Wednesday, January 18, 2012

Ignorance is not Strength

So I ended up reading an article entitled "some people shouldn't talk about science".  While I found the article interesting at first, I was utterly repulsed by the idea that we should arbitrarily limit scientific discussion.  Even someone who is uninformed can contribute meaningfully to a scientific discussion, I thought.

And then I read this article. And, filled with righteous indignation I began to question whether or not some people really shouldn't talk about science.

While warning that "it only has to leak" once to cause an irreversible calamity, the author then points to a leak that occurred at the Point Lepreau Nuclear Generating Station where 6 L of heavy water were spilled on the floor. Evacuation of the 'facility' occurred.  And more ominously, the author warns us, some of that dangerous radioactive stuff may have escaped into the atmosphere.  This comes on the heels of an incident where barrels of diluted hydrazine were accidentally dumped into the ocean.

I'm not completely familiar with the incidents, but a couple things I want to note.

Firstly, as you probably know the Point Lepreau Nuclear Generating Station has been shut down for refurbishment for a few years now and they are on the verge of starting it back up so they are refilling the primary heat transport system with heavy water.  Without heavy water, a CANDU reactor cannot sustain nuclear reactions.  Heavy water that has been inside the primary heat transport system of an active nuclear reactor will have increased amounts of tritium and potentially radioactive iodine and other radioactive elements from failed fuel elements.  Heavy water that has never been inside a core still will contained some tritium.  But the water in your fridge also contains tritium, because tritium is produced naturally through the interaction with cosmic rays (although less than heavy water).  I'm not sure if the heavy water that spilled had ever been inside a core or not, but since the discussion is only about tritium I'm guessing not likely. So, if 6 L of heavy water spilled inside a building and some small trace amounts of tritium escaped will anyone, anywhere be harmed by it? Absolutely not. Which is why the CNSC stated unequivocally that [1]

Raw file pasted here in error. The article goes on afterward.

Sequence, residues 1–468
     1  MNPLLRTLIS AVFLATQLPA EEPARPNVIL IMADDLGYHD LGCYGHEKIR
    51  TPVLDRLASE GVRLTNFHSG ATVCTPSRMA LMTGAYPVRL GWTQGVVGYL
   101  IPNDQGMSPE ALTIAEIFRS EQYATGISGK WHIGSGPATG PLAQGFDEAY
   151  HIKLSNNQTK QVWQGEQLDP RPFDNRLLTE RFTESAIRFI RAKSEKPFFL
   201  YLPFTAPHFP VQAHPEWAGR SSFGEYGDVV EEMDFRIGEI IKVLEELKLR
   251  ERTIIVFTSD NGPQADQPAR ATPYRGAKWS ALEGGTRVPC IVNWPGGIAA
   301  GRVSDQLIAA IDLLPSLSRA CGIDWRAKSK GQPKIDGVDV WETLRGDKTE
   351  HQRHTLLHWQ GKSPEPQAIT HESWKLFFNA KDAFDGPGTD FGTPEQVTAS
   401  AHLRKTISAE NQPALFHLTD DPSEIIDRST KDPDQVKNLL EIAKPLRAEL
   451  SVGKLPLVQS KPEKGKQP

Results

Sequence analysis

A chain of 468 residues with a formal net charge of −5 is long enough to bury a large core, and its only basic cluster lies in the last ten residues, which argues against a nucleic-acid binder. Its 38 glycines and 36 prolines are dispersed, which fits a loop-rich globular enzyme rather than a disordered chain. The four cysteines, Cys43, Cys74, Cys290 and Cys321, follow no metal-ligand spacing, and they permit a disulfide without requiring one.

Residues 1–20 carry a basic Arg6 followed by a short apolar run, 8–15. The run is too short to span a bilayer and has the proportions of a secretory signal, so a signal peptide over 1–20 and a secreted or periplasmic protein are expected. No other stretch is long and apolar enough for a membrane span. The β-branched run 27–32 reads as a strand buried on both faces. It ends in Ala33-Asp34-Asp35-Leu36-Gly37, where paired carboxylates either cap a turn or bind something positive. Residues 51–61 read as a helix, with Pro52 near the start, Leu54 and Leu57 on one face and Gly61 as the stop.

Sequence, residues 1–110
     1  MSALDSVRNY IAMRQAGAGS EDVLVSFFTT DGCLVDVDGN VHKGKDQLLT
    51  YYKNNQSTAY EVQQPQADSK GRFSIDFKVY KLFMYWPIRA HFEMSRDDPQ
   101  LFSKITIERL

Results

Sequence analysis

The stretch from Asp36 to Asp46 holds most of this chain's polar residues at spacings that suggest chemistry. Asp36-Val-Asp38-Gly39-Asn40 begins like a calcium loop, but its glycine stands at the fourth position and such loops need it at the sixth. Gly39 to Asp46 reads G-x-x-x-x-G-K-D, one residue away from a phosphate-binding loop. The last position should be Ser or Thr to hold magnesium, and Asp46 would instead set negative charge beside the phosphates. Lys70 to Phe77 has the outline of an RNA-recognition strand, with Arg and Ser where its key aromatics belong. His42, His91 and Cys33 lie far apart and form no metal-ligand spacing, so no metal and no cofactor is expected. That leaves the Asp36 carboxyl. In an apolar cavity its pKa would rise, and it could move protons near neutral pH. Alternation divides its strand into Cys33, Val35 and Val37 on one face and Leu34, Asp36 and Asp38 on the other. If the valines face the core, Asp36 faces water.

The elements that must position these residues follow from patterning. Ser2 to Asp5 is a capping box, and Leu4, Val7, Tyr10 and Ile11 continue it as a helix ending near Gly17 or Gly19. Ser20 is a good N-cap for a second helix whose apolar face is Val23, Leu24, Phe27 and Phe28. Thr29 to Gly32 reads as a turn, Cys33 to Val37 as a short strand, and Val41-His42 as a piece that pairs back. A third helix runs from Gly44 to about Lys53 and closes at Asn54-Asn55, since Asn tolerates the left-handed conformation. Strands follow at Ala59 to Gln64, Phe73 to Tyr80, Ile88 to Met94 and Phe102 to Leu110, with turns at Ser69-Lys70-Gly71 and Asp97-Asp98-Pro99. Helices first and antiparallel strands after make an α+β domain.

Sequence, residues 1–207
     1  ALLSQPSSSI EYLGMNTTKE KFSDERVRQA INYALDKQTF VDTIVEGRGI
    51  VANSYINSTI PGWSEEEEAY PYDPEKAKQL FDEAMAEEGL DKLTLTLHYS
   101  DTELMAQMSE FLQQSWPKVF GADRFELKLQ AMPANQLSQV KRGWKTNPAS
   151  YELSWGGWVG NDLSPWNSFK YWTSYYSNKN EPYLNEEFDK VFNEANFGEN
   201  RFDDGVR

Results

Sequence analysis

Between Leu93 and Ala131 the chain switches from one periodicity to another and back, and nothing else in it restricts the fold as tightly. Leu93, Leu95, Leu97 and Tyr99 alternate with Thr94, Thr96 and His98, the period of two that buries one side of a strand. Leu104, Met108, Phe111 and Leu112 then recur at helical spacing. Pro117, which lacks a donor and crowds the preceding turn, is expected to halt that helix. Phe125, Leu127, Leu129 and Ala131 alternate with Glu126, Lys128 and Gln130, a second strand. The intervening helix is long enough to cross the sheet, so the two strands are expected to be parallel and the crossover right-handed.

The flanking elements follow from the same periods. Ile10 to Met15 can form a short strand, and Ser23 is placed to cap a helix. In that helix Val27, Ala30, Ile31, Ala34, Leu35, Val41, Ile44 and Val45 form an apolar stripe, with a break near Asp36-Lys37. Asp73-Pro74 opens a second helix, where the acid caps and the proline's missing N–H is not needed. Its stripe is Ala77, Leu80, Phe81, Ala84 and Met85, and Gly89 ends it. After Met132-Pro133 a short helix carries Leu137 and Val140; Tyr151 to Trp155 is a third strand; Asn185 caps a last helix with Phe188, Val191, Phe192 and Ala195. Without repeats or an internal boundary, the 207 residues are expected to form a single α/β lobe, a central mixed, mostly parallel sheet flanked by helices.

"The spill did not result in any risk to the public, the environment or the workers."

So why evacuate the 'facility' you may ask? Well, chances are they didn't evacuate the whole 'facility'. They probably evacuated staff from a portion of the facility, specifically the reactor building [1].  And probably it was just a precaution.

Finally, hydrazine is a non-nuclear danger at power plants in general, not just nuclear power plants. Thermal power plants such as natural gas or coal fired power plants both use hydrazine. So even if nuclear power plants never existed and instead Point Lepreau was a giant natural gas fired power plant, it would still be possible to have hydrazine accidentally dumped into the ocean.

I could go on about how no a single death can be attributed to Three Mile Island accident.  How Windscale's "deadly release" only caused an additional 30 cancer deaths, but over 100 people were killed in a Russian dam accident in a single day.  How the public hysteria about a shipment of steam generators from Bruce Power is an example of junk science winning over reason.  But you get the idea.

The article over-hypes the dangers of nuclear power plants and to someone who is uninformed of the topic, will badly mislead them.  However, I'm not worried and I don't believe that the author shouldn't be allowed to voice his opinion on nuclear power plants.

Whenever someone or some group exaggerates the truth to make a political point or makes a statement that is uninformed it will inevitably backfire on them. Because when the truth is ultimately made known and the person or group is shown to be untrustworthy on the topic, their credibility in general goes into the toilet.  Hilary Clinton's claim that she landed 'under fire' was shown to be false and public backlash over her exaggeration helped turn the tide in favour of Obama.

So if you think someone is twisting the facts about a scientific topic, as frustrating as it may be, don't try to ban them from talking. Let them have their say and then prove them wrong.  But that's just my opinion.


[1]  "Small spill of heavy water at Point Lepreau", CNSC, December 14th, 2011 [link]

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